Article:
Hazel soon becomes sad when Augustus does not contact her, and she starts to think that it was just something to fade away, a great afternoon. Augustus finally talks to her about her book, something he enjoyed immensely. Their mutual friend Isaac (Nat Wolff) has just been broken up with by his girlfriend Monica (Emily Peachey), just before he is to go in for eye cancer and lose his eyesight completely. Hazel and Augustus bond some more. Augustus contacts Peter Van Houten (Willen Dafoe), author of  An Imperial Affliction, to ask him some questions about what happened. He is not given answers, but Hazel is thrilled by the fact that Augustus contacted Van Houten. She, too, sends a mail to the address, and soon receives a reply that Van Houten cannot answer her questions via email, but should she ever find herself in Amsterdam she should pop by. Hazel desperately wants to go, though she is very ill and her mother and father, Michael (Sam Trammell), cannot afford it. Hazel lets it go, but Augustus won’t. He contacts the Genies and uses his wish for them: get them to Amsterdam to meet with Van Houten so that he can answer all their questions pertaining to the end of his book.

the fault in our stars gus and hazel

“You don’t get to choose if you get hurt in this world…but you do have some say in who hurts you.” – Augustus Waters

Hazel gets really sick before the trip, ending up in the ICU. Augustus cannot see her, and she is crushed when the doctors tell her the Amsterdam trip is most certainly off. Hazel starts to avoid Augustus, which hurts him. She does not want to cause him heartbreak, she knows that she is going to die and refuses to be responsible for his pain. Ultimately, though, she and Augustus see each other again, and he makes it abundantly clear that he does not give a damn whether she thinks she is a grenade that will hurt him or whatever, he wants to spend time with her, even if she is only willing to be friends. As a surprise, Hazel finds out that the Amsterdam trip is back on, and she is thrilled. In Amsterdam she irrevocably falls in love with Augustus, forgetting about the grenade theory, accepting that they both might hurt each other. In Amsterdam, though, things don’t go as planned because Van Houten turns out to be an absolute douchebag and a let down, Hazel and Augustus get closer than ever, and some dark secrets spill out between them, crushing both of them. Hazel has been so focused on the fact that she is sick that is never occurred to her that Augustus may get sick again, that they both may end up terminal.

the fault in our stars eggs

“The world is not a wish-granting factory.” – Augustus Waters

Why was Van Houten so terrible? What will Hazel do now that something she has always loved has turned out to be so tainted? Is their trip to Amsterdam ruined because of the jerky author? Will Hazel and Augustus be able to make the best of the time that they have together? Now that they are back to both fighting cancer, will Augustus overcome his a second time? How long will Hazel be able to go on before finally succumbing to her disease?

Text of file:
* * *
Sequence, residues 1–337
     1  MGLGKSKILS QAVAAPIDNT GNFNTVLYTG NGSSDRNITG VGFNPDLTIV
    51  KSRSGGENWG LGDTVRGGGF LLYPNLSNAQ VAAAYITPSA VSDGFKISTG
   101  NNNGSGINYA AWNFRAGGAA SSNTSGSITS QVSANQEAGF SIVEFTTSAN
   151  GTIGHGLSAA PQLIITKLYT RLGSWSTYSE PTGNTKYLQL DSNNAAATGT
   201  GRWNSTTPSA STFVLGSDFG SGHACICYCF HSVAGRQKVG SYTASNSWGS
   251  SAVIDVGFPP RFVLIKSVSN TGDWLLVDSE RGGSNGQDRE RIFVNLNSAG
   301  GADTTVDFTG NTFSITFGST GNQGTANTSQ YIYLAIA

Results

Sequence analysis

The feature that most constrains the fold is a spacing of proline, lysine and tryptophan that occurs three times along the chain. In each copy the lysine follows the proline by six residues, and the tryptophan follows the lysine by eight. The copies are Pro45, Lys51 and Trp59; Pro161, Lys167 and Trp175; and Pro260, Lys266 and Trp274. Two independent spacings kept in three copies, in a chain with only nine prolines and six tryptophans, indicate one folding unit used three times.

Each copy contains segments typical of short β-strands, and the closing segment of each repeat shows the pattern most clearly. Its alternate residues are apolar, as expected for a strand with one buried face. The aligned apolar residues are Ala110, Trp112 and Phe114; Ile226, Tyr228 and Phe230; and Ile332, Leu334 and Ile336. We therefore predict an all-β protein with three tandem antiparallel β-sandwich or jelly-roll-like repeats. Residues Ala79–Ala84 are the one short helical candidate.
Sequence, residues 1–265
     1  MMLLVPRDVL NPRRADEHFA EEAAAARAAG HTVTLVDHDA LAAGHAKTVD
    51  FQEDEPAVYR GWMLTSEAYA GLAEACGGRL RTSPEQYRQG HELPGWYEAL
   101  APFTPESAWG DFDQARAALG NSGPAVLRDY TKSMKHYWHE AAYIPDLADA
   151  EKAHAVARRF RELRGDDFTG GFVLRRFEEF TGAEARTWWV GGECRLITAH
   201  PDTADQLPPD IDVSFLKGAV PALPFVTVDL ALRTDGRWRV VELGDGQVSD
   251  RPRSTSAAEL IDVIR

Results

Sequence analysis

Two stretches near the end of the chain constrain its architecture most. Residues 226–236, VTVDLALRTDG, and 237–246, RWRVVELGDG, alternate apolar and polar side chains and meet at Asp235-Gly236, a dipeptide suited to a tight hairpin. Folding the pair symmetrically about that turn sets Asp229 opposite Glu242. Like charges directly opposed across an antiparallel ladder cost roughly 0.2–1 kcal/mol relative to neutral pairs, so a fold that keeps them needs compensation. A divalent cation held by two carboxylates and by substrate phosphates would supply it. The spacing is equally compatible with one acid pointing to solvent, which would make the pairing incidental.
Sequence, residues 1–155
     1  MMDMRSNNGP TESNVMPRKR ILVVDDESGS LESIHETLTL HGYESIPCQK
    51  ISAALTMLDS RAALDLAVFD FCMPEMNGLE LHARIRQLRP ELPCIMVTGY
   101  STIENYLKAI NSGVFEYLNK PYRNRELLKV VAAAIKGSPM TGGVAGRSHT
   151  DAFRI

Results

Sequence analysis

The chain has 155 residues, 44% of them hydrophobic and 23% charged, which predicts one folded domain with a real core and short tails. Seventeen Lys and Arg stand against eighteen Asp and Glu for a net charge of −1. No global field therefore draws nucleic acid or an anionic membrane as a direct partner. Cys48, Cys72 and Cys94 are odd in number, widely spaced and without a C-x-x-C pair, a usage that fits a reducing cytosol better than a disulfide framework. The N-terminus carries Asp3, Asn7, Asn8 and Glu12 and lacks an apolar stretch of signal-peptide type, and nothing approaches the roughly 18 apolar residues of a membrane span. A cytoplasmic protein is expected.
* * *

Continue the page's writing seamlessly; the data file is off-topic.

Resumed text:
the-fault-in-our-stars02

“I fell in love the way you fall asleep: slowly, and then all at once.” – Hazel Grace Lancaster

GRADE 8This was a very good adaption of the book, so any fear I had of that being messed with has been allayed. Let me put it out there, I too, like Cara, am a stone cold bitch. Nary a tear in sight from me, and that is okay. The rest of the theatre was snivelling, but that is not what I was there for. I was there to see Hazel Grace and Augustus brought to screen, and let me tell you that I was not disappointed in the slightest. Shailene Woodley was a fantastic Hazel, and she did wonders with the material. Ansel Elgort, however, stole the whole show for me. He is the most perfect actor to have cast to play the amazing and weak-knee-inducing Augustus Waters. He had the attitude, the smile, he had it all working for him. There are other cast members that need some shine, too, such as Nat Wolff, who was just a brilliant Isaac, and Sam Trammell and Laura Dern for playing Hazel’s parents Michael and Frannie perfectly. I do wish that Isaac had been given more screen time, he was a simply hilarious character and I thought he was wonderfully cast. I was not a fan of the soundtrack (sorry, but really, really cheesy, though I guess it is exactly what it needs to be, given the type of film), but it was used only when required. I enjoyed the way the film was shot, subtly, with things being emphasised where necessary, but not shoving it down your throat. Some of the humorous scenes from the book were perfectly captured here, which was a joy. Just in case you missed it somehow, I really despise romance movies and chick flicks and all, and this may tick all those boxes, I must also say that this was a story that I fell in love with when I read the book. There was a bit that was cut out of the book when the film was made, but nothing as daunting as the major butchering of things such as Harry Potter (just saying). They did not detract from the story, though I wish that more was done to hint at Augustus and what was to come, etc. Needless to say, it is worth the watch.